Did you ever think that we could turn to rock and roll stars for lessons on how to conduct ourselves in a business setting? We sure can. Here are some lessons from three of my favorite artists.
1) Stevie Ray Vaughan
Fail magnificently. You never know where it might take you.
The first time Stevie Ray Vaughan played the Montreaux Jazz Festival in 1982, it did not go well.
You can hear the audience booing at the beginning of this clip, and quite often during the rest of the show. But he plowed through the set, head down; smoking; determined; focused. This set was typically impressive, but make no mistake about it. The band was booed during the performance and as they left the stage. You don’t need to be a music critic to know that Mr. Vaughan and Double Trouble were getting the heck out of town after the festival wrapped.
But this story has a happy and fitting ending, given Stevie Ray’s formidable guitar skills. David Bowie and Jackson Browne both saw Stevie Ray play at various times during the festival. Jackson Browne offered Vaughan free recording time at his studio, during which time Stevie Ray & Double Trouble recorded their debut album, “Texas Flood”. Bowie invited Stevie Ray to play on his “Let’s Dance” album. That’s him playing on “Modern Love”, “China Girl”, and “Let’s Dance”.
One could argue that this “failure” – this very performance – took Stevie Ray Vaughan’s career to the next level. Was it not for this concert, would Stevie Ray Vaughan have become STEVIE RAY VAUGHAN, or would he have toiled forever in regional obscurity as a lone Texas bluesman? We’ll never know, and fortunately we’ll never have to ask.
The lesson: Failure can take you to great places.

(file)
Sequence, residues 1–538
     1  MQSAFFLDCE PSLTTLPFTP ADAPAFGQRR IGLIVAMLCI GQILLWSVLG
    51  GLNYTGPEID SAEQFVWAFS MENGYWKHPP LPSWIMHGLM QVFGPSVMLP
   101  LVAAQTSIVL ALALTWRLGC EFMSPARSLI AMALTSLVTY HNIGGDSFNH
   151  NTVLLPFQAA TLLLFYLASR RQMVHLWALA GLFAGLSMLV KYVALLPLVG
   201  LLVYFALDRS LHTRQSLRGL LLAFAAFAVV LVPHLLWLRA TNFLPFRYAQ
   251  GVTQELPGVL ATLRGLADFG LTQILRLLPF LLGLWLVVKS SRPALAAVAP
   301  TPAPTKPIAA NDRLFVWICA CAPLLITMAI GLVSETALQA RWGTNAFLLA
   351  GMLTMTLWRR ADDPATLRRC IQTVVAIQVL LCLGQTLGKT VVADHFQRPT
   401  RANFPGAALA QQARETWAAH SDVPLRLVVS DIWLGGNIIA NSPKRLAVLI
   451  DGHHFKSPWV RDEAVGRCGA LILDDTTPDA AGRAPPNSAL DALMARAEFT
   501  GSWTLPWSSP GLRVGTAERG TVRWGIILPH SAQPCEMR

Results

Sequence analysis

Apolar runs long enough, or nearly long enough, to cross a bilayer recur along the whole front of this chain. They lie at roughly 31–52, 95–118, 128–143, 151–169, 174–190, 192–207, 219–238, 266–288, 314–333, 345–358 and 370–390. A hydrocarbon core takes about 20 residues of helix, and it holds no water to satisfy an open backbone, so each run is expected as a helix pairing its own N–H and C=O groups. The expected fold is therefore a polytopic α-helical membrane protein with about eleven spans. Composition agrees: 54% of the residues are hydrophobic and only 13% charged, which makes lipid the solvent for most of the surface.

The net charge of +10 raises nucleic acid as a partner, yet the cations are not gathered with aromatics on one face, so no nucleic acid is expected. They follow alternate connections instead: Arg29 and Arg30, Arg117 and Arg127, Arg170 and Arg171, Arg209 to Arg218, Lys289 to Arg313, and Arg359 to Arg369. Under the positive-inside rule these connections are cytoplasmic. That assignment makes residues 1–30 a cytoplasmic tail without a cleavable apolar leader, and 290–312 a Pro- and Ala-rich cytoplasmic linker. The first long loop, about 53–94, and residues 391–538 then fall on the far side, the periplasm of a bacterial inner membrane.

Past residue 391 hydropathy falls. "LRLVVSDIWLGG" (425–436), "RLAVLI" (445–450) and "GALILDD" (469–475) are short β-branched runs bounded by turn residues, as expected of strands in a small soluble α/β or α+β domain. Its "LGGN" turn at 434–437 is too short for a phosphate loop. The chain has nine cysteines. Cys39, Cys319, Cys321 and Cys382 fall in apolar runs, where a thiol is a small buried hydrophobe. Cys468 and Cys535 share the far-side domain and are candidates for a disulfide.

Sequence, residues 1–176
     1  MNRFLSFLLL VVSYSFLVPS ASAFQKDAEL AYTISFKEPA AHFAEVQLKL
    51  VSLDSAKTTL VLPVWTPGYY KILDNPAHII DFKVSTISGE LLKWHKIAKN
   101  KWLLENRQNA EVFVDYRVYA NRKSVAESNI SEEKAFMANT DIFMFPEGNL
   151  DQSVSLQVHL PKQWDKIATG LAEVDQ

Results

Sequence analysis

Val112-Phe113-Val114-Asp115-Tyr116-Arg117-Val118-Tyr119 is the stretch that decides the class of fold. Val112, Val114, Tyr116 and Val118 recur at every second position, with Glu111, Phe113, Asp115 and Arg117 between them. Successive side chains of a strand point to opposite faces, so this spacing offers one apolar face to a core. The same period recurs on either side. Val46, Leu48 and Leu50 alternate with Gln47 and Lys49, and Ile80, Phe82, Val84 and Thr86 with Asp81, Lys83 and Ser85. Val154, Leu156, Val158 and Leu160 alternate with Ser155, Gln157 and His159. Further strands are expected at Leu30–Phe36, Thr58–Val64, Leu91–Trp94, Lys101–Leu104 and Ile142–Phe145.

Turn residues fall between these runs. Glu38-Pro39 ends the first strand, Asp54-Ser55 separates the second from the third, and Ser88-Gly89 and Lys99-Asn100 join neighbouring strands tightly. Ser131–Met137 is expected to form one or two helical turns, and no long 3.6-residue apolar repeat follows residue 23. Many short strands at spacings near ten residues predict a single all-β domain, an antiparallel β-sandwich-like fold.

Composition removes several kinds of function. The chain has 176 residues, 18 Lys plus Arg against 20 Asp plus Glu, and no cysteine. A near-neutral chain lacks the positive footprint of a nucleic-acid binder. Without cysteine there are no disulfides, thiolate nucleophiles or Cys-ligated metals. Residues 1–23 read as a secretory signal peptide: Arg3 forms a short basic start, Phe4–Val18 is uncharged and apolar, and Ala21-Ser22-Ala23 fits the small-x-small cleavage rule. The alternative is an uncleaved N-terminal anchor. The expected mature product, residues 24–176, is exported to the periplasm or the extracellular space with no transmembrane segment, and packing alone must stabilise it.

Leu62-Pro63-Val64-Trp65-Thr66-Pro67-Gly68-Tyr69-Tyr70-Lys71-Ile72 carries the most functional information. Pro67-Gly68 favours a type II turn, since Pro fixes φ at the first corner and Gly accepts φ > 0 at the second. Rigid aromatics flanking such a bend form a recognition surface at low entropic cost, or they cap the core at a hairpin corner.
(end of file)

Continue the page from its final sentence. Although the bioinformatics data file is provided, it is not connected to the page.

2) Elvis Presley
Image: It’s never too late to re-invent yourself.
In his exhaustive and exceptional Elvis Presley biography, “Careless Love” [http://amzn.to/1IswMAI], Peter Guralnick explains that by the late 1960’s, Elvis’s music career needed a bit of a reboot. As the 1960s shifted from grey suits and picket fences to free love and war protests, Elvis was still cranking out those B movies, appearing in a total of 27 during the 1960s alone.
But in 1968, Elvis staged a most magnificent comeback, sparked by the success of a TV special we now know as the “’68 Comeback Special”. This show launched the beginning of what – in my humble opinion – became the richest and most exciting period of The King’s career. This stretch included residences at the International Hotel in Las Vegas, documented in “That’s the Way it Is”, as well as the “Aloha From Hawaii” (the first globally satellite broadcast live rock concert with a single performer), and “Elvis on Tour”, a dizzying and haunting documentary. Elvis was so on top of his game during this time that his rehearsals were performances, and those rehearsals came with costume changes.
The Vegas concerts at the International Hotel always had “A Listers” in attendance, and his extraordinary band included the legendary James Burton on guitar. Live shows from 1969 onward were sold-out events and not to be missed.